If people are interested in the state of the art in industrial automation, they should watch this video [youtube.com]. It's a demo reel for ABB FlexPicker robots, used for food processing --- the sequence of a set of robots carefully arranging sausages on a conveyor belt into rows for packaging is particularly impressive. They seem to use a combination of vacuum picking and conventional manipulators depending on the foodstuff (each production line is customised, of course).

      There's lots of other ABB robotics videos, all

  • by t2t10 (1909766)

    That looks like it would pinch and hurt if a male tried to use it for ... oh never mind.

    • by Sulphur (1548251)

      Concave and Convex...

      Oh nevermind.

      --

      Once the Daleks took the plunge, the rest was inevitable.

  • While this is fine for many types of many types of solid objects, it wouldn't work so well for picking up porous things like cloth, or almost anything organic such as plants or animals.

    Can it even pick up a potato chip without breaking it?

  • It does short of make you think about the Dalek suction cup.
  • Howard's Mom, 'Howard, I'm going to the store. Which peas should I get to go with the brisket!"

    Howard, "Not NOW Mom! I'm BUSY!"

    Howard's, Mom, "Just what's so IMPORTANT Mr. Smarty Pants that you have to spend all day playing video games in your room. Should you be in school?"

    Howard, "I'm NOT in School Ma!, I work at the University, and for your information I'm not playing games, I conducting very delicate research on the latest robotic technology. Now will you PLEASE leave me alone!"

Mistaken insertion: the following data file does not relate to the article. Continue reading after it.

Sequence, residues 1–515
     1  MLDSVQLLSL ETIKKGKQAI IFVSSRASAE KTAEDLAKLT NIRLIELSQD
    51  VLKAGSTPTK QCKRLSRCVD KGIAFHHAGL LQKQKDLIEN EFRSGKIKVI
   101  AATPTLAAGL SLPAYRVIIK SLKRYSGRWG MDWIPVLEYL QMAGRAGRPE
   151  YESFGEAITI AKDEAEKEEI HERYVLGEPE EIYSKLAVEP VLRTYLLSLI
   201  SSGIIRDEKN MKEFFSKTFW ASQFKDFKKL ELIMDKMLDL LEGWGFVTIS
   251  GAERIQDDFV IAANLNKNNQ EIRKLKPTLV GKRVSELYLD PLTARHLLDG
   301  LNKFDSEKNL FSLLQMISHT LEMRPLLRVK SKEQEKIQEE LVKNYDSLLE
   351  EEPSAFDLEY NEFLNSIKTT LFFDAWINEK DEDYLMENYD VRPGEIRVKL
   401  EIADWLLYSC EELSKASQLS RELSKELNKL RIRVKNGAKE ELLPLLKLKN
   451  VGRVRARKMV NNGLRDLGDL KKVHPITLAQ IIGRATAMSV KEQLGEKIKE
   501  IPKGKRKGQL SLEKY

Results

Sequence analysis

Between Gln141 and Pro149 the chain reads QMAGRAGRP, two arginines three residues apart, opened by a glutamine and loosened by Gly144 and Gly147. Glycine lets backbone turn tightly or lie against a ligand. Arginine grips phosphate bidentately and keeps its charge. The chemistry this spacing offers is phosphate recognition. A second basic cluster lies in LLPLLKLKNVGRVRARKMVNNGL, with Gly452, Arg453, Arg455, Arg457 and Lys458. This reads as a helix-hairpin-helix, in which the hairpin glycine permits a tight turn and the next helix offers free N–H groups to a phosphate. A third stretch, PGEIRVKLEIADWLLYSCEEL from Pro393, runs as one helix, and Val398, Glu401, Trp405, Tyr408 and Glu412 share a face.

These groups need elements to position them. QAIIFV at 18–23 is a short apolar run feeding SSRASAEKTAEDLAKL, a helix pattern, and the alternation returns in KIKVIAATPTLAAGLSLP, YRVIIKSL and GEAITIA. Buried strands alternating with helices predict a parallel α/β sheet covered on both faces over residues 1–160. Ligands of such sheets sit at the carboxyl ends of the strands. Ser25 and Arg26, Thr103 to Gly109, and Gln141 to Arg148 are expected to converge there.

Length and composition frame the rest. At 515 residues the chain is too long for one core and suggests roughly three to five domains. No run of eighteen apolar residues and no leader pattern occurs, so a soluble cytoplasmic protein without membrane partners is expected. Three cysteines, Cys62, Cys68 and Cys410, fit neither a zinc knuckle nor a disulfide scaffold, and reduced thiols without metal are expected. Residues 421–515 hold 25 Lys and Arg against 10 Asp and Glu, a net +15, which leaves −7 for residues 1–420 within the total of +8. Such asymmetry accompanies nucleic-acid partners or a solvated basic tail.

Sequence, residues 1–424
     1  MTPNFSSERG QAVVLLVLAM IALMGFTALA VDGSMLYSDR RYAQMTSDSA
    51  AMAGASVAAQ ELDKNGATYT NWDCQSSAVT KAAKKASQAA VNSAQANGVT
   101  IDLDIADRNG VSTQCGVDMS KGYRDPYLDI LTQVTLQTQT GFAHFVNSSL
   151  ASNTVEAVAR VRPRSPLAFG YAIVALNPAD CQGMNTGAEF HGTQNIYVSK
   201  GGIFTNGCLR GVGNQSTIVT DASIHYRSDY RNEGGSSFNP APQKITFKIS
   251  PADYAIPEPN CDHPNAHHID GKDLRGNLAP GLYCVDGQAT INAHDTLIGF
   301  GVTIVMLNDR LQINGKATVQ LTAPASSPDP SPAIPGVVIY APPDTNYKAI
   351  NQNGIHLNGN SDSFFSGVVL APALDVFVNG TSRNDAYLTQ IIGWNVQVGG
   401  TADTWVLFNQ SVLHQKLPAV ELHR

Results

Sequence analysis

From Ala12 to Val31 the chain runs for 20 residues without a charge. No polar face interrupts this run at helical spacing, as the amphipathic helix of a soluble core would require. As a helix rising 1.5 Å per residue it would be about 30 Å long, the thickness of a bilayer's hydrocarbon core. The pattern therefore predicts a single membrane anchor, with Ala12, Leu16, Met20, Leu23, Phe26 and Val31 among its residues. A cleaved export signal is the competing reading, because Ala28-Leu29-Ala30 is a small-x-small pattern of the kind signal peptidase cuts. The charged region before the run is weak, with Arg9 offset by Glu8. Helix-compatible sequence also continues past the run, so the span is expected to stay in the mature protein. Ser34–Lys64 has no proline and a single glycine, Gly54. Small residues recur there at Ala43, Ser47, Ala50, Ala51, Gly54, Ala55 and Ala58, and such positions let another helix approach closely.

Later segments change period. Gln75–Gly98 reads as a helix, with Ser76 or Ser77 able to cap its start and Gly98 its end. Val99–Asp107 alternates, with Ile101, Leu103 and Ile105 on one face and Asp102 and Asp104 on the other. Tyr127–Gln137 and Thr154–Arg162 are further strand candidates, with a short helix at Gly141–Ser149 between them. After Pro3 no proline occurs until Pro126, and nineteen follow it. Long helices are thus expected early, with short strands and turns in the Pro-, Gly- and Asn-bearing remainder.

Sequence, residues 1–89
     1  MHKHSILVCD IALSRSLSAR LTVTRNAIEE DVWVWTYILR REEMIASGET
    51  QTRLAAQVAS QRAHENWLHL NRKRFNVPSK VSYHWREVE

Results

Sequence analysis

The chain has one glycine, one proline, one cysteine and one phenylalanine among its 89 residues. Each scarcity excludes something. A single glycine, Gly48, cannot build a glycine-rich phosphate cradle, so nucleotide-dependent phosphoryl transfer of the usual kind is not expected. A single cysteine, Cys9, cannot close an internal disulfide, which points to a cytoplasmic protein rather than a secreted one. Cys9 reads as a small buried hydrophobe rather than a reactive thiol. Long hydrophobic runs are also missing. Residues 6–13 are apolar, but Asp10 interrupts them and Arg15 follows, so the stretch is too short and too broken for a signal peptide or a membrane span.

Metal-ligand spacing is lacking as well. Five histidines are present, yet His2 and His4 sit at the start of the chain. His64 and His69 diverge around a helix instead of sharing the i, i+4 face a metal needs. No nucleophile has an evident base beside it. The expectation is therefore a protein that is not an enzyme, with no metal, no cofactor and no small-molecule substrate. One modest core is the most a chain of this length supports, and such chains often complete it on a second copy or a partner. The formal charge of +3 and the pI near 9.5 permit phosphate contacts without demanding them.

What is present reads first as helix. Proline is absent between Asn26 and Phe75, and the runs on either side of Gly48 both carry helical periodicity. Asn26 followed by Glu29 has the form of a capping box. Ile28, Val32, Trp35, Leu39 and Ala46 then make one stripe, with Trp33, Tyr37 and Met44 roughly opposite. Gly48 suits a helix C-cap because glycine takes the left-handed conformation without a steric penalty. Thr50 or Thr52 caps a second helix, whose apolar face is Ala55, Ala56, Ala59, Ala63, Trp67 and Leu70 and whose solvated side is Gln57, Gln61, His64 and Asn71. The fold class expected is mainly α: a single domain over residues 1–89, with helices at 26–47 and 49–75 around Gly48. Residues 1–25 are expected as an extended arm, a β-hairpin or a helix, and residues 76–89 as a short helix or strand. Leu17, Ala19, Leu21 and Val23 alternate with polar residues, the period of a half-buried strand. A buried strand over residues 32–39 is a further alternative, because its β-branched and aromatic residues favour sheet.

• This sounds like Doraemon's [wikipedia.org] hands. Doraemon is a robotic cat from the future in a 1970s manga.
  • So, these guys have created a gripper that is a sucker-like object at the end of a stick.

    I think the BBC may be claiming prior art [wikipedia.org].

    But it does explain how they conquered the galaxy, with only a sucker.

  • Combination of techs (Score:2, Interesting)

    by josh_nz (1922612)
    I wonder if it would be possible to co-opt the tech into what are the fleshy pads of the fingers and palms in a human hand, kind of a mini version of the one described. Then you would be able to use it to increase grip but maintain the familiar hand structure; also might be able to use the measurement of the degree of vacuum to detect when to stop exerting the closing force of the 'fingers'. Would be able to help with the 'can crush as steel girder but can't pick up an egg' issue.